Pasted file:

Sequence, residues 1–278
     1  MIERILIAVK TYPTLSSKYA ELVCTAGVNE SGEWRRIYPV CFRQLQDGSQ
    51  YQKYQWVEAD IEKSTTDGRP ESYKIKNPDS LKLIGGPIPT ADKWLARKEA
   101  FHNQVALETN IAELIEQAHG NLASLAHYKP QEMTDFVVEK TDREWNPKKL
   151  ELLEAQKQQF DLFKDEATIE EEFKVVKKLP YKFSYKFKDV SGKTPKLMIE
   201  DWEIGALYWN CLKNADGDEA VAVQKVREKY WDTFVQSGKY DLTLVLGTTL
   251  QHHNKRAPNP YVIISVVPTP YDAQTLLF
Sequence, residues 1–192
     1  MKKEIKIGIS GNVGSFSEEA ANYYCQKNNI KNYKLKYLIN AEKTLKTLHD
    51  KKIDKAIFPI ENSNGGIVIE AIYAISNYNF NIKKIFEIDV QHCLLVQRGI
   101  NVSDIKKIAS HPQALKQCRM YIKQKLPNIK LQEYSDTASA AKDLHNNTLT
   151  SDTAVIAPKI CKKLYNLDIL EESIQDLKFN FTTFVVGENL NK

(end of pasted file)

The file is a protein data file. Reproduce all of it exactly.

Sequence, residues 1–278
     1  MIERILIAVK TYPTLSSKYA ELVCTAGVNE SGEWRRIYPV CFRQLQDGSQ
    51  YQKYQWVEAD IEKSTTDGRP ESYKIKNPDS LKLIGGPIPT ADKWLARKEA
   101  FHNQVALETN IAELIEQAHG NLASLAHYKP QEMTDFVVEK TDREWNPKKL
   151  ELLEAQKQQF DLFKDEATIE EEFKVVKKLP YKFSYKFKDV SGKTPKLMIE
   201  DWEIGALYWN CLKNADGDEA VAVQKVREKY WDTFVQSGKY DLTLVLGTTL
   251  QHHNKRAPNP YVIISVVPTP YDAQTLLF
Sequence, residues 1–192
     1  MKKEIKIGIS GNVGSFSEEA ANYYCQKNNI KNYKLKYLIN AEKTLKTLHD
    51  KKIDKAIFPI ENSNGGIVIE AIYAISNYNF NIKKIFEIDV QHCLLVQRGI
   101  NVSDIKKIAS HPQALKQCRM YIKQKLPNIK LQEYSDTASA AKDLHNNTLT
   151  SDTAVIAPKI CKKLYNLDIL EESIQDLKFN FTTFVVGENL NK